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While in the Hands of the Enemy : Military Prisons of the Civil War (Reprint) (Paperback) (Jr. Charles
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Sanders shows how policies developed during the American Revolution, the War of 1812, and the Mexican War shaped the management of Civil War prisons. He examines the establishment of the major camps as well as the political motivations and rationale behind the operation of the prisons, focusing especially on Camp Douglas, Elmira, Camp Chase, and Rock Island in the North and Andersonville, Cahaba, Florence, and Danville in the South. Beyond a doubt, he proves that the administrations of Abraham Lincoln and Jefferson Davis purposely formulated and carried out retaliatory practices designed to harm prisoners of war, with each assuming harsher attitudes as the conflict wore on.
Sanders cites official and personal correspondence from high-level civilian and military leaders who knew about the intolerable conditions but often refused to respond or even issued orders that made matters far worse. From such documents emerges a chilling chronicle of how prisoners came to be regarded not as men but as pawns to be used and then callously discarded in pursuit of national objectives. Yet even before the guns fell silent, Sanders reveals, both North and South were hard at work constructing elaborate justifications for their actions.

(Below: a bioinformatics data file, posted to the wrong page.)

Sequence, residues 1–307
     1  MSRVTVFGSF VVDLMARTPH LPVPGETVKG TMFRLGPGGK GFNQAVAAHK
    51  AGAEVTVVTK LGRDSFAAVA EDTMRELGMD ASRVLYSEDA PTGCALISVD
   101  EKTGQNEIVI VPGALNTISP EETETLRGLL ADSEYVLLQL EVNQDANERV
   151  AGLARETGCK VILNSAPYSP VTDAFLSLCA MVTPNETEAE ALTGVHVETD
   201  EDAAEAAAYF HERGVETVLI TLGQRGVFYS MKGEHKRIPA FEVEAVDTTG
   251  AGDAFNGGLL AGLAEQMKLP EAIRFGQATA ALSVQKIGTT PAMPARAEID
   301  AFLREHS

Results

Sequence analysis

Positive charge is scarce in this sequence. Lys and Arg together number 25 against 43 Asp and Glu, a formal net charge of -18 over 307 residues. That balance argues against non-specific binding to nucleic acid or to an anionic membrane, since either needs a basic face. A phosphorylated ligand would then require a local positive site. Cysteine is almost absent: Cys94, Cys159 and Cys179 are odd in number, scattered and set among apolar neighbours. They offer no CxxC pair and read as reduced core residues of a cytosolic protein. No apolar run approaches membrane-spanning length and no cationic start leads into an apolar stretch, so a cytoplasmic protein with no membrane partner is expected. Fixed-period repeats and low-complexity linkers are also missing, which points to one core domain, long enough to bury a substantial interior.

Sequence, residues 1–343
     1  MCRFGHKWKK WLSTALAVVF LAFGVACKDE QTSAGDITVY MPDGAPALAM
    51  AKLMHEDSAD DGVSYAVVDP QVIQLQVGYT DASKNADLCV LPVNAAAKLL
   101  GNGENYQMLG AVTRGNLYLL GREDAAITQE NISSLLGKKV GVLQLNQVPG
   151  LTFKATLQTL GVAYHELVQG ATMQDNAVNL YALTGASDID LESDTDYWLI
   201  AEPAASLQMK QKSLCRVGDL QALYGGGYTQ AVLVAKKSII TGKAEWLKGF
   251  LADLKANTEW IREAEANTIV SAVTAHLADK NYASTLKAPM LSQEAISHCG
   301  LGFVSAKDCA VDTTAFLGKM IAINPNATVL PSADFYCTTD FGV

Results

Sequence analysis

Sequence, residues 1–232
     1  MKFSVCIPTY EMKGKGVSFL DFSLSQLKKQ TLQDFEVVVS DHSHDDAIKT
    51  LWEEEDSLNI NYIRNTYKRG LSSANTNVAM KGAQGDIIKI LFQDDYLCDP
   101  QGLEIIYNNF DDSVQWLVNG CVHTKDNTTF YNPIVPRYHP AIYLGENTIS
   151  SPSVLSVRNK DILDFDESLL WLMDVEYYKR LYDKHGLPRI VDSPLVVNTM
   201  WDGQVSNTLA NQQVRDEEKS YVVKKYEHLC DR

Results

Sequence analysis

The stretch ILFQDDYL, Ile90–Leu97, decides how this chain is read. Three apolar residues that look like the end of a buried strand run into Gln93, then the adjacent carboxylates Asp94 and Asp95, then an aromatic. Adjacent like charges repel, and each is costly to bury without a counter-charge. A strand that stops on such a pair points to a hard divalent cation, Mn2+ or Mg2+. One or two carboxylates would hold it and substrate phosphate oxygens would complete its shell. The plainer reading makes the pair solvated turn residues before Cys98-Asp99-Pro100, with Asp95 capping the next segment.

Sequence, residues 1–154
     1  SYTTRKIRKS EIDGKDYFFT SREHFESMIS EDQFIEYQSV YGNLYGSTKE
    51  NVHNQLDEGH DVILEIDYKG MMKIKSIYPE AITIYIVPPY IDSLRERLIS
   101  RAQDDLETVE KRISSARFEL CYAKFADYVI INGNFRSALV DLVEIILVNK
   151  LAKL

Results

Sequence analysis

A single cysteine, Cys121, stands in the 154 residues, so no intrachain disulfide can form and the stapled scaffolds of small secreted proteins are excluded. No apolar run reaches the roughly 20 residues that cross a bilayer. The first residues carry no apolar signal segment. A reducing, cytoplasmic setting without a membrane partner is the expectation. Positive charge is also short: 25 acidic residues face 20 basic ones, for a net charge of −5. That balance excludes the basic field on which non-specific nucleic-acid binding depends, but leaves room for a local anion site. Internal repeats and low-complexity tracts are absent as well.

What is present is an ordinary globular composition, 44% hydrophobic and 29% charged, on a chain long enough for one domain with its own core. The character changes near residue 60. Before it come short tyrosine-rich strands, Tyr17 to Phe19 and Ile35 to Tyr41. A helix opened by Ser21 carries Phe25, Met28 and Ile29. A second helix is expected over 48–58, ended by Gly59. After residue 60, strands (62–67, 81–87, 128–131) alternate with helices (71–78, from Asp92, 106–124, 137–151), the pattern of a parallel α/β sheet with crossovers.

While in the Hands of the Enemy offers a groundbreaking revisionist interpretation of the Civil War military prison system, challenging historians to rethink their understanding of nineteenth-century warfare.